■ United Kingdom
Thousands hit by rail strike
Thousands of rail passengers faced a chaotic return to work yesterday as a strike crippled some of London's busiest commuter lines. South West Trains (SWT) warned people not to travel on its network after hundreds of drivers walked out in a growing row between unions and managers. There were no trains on many routes into London's Waterloo station from across southern England, forcing commuters to find another route to work after the long Bank Holiday weekend. About 900 members of the Aslef rail union walked out in a dispute with SWT over the provision of taxis for staff working anti-social shifts.
Secret files to be opened
President Traian Basescu has called for secret communist-era police files on clerics of different faiths to be opened. The dreaded Securitate is believed to have recruited many priests during communism, when churchgoing was not encouraged and atheism was official state policy. Some files, which are being opened ahead of Romania's joining the EU, show that citizens collaborated, while others show people were under surveillance. However, the definitions are often not clear because most informers and officers were also under surveillance. Patriarch Teoctist who heads the influential Orthodox Church to which more than 80 percent of Romanians belong said last week he was opposed to the files being opened.
■ United States
Lawmaker's son abducted
The 26-year-old son of a Pennsylvania lawmaker is missing, two days after allegedly being abducted at gunpoint from a Philadelphia street -- a kidnapping police said could be linked to the shooting of his mother and sister in a home invasion robbery. Democratic Representative John Myers, a vocal advocate for gun-control legislation, issued a statement on Monday asking the public's help in locating his son Shamari Taylor. Taylor's 56-year-old mother and his sister, 21, were shot at the family's home by two intruders on Sunday, the day after Taylor's abduction, police said. His mother remained hospitalized in critical condition after being shot in the head. His sister, 21, was treated and released on Sunday evening.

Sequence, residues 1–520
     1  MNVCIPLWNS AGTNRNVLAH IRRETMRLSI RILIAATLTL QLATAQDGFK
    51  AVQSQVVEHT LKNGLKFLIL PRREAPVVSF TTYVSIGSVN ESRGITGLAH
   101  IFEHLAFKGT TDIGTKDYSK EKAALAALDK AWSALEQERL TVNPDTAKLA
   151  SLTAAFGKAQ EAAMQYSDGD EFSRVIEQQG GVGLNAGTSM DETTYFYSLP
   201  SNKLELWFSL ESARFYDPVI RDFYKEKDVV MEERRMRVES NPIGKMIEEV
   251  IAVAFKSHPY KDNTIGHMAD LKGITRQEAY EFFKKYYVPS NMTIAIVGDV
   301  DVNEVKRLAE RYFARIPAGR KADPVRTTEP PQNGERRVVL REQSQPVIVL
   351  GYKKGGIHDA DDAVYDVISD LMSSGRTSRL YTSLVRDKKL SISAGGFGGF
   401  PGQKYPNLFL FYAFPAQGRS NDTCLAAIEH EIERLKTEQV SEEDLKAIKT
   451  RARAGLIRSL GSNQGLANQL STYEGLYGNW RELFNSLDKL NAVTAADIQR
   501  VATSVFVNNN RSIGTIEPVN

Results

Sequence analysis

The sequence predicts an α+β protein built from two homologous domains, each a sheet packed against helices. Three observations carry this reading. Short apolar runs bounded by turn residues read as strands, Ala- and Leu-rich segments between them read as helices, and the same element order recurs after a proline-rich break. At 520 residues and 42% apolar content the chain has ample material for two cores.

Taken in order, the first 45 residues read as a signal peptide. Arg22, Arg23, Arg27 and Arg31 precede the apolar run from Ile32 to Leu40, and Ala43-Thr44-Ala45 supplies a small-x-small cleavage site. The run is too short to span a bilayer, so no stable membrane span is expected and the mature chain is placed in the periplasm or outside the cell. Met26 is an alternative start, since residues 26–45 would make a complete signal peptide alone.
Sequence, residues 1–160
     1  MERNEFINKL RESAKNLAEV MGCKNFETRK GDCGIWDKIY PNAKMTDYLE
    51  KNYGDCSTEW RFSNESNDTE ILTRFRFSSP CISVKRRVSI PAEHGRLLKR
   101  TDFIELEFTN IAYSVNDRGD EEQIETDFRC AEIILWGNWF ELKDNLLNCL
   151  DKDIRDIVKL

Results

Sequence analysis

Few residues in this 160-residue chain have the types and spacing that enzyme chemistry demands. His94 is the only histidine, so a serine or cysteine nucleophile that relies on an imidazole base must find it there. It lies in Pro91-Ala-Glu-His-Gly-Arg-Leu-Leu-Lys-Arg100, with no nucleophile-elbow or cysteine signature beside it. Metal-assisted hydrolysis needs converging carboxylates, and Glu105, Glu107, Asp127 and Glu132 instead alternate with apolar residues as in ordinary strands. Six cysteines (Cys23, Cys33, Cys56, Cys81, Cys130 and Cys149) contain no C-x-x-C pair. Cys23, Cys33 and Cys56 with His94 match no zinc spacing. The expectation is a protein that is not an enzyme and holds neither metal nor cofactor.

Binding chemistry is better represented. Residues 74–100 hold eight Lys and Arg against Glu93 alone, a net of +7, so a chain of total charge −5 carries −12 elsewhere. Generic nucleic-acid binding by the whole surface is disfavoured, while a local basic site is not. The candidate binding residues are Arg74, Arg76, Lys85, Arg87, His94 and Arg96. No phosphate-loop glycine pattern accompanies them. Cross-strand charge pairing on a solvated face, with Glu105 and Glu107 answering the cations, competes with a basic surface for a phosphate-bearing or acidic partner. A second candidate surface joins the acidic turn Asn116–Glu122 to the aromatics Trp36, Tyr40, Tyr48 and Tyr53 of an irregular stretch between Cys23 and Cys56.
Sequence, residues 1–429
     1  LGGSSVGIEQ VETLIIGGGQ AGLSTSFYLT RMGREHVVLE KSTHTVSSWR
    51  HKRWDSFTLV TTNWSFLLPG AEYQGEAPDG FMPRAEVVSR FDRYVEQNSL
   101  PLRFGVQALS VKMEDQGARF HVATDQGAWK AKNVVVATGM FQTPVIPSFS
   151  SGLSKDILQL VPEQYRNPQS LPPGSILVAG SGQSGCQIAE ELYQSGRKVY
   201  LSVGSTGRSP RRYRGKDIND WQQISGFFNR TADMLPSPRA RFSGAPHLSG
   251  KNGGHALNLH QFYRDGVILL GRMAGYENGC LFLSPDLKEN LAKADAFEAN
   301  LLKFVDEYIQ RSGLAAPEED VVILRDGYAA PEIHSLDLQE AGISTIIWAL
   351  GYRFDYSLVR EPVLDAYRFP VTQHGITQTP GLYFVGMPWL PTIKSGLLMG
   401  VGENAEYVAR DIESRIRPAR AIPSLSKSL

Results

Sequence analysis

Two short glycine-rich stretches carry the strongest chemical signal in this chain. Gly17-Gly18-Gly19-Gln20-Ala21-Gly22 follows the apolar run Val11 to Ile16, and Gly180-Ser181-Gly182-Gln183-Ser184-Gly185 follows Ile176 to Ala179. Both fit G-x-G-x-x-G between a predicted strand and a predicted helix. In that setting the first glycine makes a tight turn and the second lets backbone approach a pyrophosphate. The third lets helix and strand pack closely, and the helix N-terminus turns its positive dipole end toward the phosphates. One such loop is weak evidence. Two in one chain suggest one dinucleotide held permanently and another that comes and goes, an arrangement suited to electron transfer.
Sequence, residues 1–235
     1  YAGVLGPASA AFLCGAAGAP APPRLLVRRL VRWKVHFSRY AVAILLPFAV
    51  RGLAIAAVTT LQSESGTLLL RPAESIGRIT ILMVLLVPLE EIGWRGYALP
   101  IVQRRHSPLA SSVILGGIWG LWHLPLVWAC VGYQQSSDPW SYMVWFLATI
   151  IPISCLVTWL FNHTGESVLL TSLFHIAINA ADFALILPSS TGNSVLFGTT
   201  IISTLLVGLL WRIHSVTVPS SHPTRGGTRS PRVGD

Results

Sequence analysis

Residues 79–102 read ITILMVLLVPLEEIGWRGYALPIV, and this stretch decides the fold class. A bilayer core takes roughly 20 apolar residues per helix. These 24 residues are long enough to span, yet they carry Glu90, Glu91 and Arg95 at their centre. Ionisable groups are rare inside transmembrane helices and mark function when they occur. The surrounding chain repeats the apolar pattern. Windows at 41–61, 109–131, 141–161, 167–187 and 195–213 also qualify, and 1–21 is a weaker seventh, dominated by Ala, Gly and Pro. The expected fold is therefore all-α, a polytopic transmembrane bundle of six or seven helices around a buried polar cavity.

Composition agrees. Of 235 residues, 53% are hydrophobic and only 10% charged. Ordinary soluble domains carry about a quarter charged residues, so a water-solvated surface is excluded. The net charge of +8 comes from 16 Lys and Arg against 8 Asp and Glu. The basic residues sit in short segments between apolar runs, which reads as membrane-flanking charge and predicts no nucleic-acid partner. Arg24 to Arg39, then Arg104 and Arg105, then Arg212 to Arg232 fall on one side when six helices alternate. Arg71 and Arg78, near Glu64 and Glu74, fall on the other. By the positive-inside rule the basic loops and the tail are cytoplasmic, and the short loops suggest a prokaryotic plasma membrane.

Schaefer gets seven more
Paul Schaefer, a former corporal in Adolf Hitler's army who founded a notorious religious commune in the country, was sentenced to another seven years in prison, this time for possessing illegal weapons, a media report said on Monday. In May, Schaefer, 84, was sentenced to 20 years in prison for 25 cases of sexual abuse of minors. While preaching rigid morality, he sexually abused children and teenagers at the sealed-off commune known as Colonia Dignidad, authorities say.
`Gilligan's' boat for sale
If you're interested in a three-hour tour, broker George Schultz has just the boat for you. For US$89,400, you can buy the boat, the SS Minnow, famous for setting aground on an uncharted desert isle to set the stage for the 1960s television classic Gilligan's Island. The owner of the boat, Scotty Taylor of Parksville, is selling the storied vessel because he is tired of it, Schultz said. According to the Gilligan's Island Web site, the boat is the third of four vessels used in the show.
Smoke diverts airline flight
An Egypt Air flight carrying more than 300 passengers was diverted to the eastern Canadian province of Newfoundland on Monday after smoke was detected in the cockpit. The Boeing 777 departed from Cairo for New York City but had to make an emergency landing in Goose Bay, said Kevin Aylward, CEO of Goose Bay Airport Corp. The passengers stayed on the plane while maintenance workers fixed the problem. "It's something they were able to fix very quickly," said Aylward, who did not know what the exact cause of the smoke was. No fire was found and no one aboard was injured, he added.